This illustration is taken from the FCOM and is generic for ALTERNATE if airspeed is not unreliable. In case of UAS, What you will have instead is the red flag "SPD LIM" (see report previous page) without Vmax, VSL nor VSW and... It will last for the remainder of the flight like ALT2! (read me well: even if the airspeed come back to normal after a while, this is lost as it is displayed only when ALTERNATE low/high speed protections could work, which would not be the case after an UAS. Even if coherent, speed will always be considered spurious by the system). That is also the reason why some long haul flights turned back and landed after an UAS event which was not transient (lasted more than 10 seconds).

Originally Posted by HazelNuts39
While it may be unimportant whether or not a calculated Vsw is indicated on the speed scale when IAS has dropped to 60 kt or less, the intriguing question for me is whether it would be shown in the intermediate period when one or more of the indicated speeds had become valid again. EDIT:: Why should Vsw not be shown along the speed scale showing a 'valid' speed, first on PFD1, later on ISIS, and at an unknown time on PFD2?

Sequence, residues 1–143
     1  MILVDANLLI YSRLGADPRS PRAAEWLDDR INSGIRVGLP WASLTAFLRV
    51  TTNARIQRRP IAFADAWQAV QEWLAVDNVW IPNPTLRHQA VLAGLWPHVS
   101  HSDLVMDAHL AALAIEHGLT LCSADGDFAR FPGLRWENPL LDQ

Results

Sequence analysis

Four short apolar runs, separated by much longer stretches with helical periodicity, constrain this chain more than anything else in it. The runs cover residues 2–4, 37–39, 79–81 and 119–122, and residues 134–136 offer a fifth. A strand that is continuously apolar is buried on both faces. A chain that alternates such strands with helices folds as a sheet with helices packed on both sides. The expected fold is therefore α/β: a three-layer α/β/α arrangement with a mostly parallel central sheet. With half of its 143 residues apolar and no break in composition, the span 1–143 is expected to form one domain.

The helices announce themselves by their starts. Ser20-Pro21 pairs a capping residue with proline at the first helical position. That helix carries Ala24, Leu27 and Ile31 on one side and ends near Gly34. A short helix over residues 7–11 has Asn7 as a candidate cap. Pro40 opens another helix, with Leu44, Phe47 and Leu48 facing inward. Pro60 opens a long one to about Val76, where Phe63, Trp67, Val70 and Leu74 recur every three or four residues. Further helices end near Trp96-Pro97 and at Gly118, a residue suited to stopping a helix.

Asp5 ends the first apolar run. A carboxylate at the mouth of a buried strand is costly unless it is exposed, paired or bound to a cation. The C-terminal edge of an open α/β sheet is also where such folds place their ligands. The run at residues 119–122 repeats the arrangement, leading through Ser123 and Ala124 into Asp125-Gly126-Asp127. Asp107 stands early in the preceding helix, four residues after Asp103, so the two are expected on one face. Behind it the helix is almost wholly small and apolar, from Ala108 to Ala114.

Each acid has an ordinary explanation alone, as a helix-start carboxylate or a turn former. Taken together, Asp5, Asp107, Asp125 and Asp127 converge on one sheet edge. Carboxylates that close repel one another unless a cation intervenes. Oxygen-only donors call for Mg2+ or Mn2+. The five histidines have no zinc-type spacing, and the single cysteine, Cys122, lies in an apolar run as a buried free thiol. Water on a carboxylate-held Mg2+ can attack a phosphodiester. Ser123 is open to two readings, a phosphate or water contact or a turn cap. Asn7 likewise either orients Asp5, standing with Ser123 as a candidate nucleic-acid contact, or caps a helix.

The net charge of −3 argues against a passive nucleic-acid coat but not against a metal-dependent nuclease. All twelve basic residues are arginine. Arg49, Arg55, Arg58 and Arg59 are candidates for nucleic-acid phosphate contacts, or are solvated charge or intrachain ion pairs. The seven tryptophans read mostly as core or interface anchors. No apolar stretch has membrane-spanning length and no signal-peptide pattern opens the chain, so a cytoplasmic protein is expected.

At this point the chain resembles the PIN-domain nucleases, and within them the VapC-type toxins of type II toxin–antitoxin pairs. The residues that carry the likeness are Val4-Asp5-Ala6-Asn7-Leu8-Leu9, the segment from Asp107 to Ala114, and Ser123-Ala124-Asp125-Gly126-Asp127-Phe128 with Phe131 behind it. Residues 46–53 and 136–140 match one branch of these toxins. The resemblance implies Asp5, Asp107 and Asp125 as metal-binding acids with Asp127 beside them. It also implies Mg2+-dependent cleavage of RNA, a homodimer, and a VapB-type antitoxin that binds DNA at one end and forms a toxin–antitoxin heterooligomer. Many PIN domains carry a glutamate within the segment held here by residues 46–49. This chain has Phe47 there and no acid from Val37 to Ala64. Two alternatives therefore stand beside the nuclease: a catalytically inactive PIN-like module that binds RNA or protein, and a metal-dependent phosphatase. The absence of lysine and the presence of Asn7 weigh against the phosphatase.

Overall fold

Quite simply, it is an EFCS function that compute all the characteristic speeds from data comming from the FE part of FMGC and ALL ADRs. This function become inoperative as soon as more than 1 ADR is rejected by the FCPC. After this point, it will consider both FMGC (1 & 2) as inop regardless if the data will be later coherent again. Hence, the display of probe data (speed) on each PFD or ISIS is directly available for the crew but it is unrelated with the function computing the characteristic speeds which is lost. Those data displayed are not what the system could use as it will need two "valid" sources, at any time, for safe operation.

Last edited by takata; 15th Jul 2011 at 02:25.
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Old 15th Jul 2011, 03:46
  #327 (permalink)  
 
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Viper stabilators

For DJ77, et al:

- The stabilators, or horizontal stabilizers/elevators, moved +/- 21 degrees.
- They had a symmetrical airfoil, and...
- They were interchangeable from one side to the other
- They moved independently in order to help with roll, especially when supersonic
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Old 15th Jul 2011, 11:52
  #328 (permalink)  
 
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Harry:
You were talking about a highly separated flow regime. That's (in the context of this case) the low speed regime stall. The case under discussion isn't, as far as I understand, a high speed (and thus high mach for this airplane) stall example.
Yes and when in a highly separated flow regime (fully stalled foils), extreme AoA, we may typically dispense with the assumption we are flying, per se, and often revert to just summing the Resultant Force vectors rather than thinking in terms of Cl, Cd and Cm, associated with the fairly linear ranges of the lift curve slope and pitching moment slope (Cd just about remains a mashup of a parabola and drag dropout buckets at high Mach)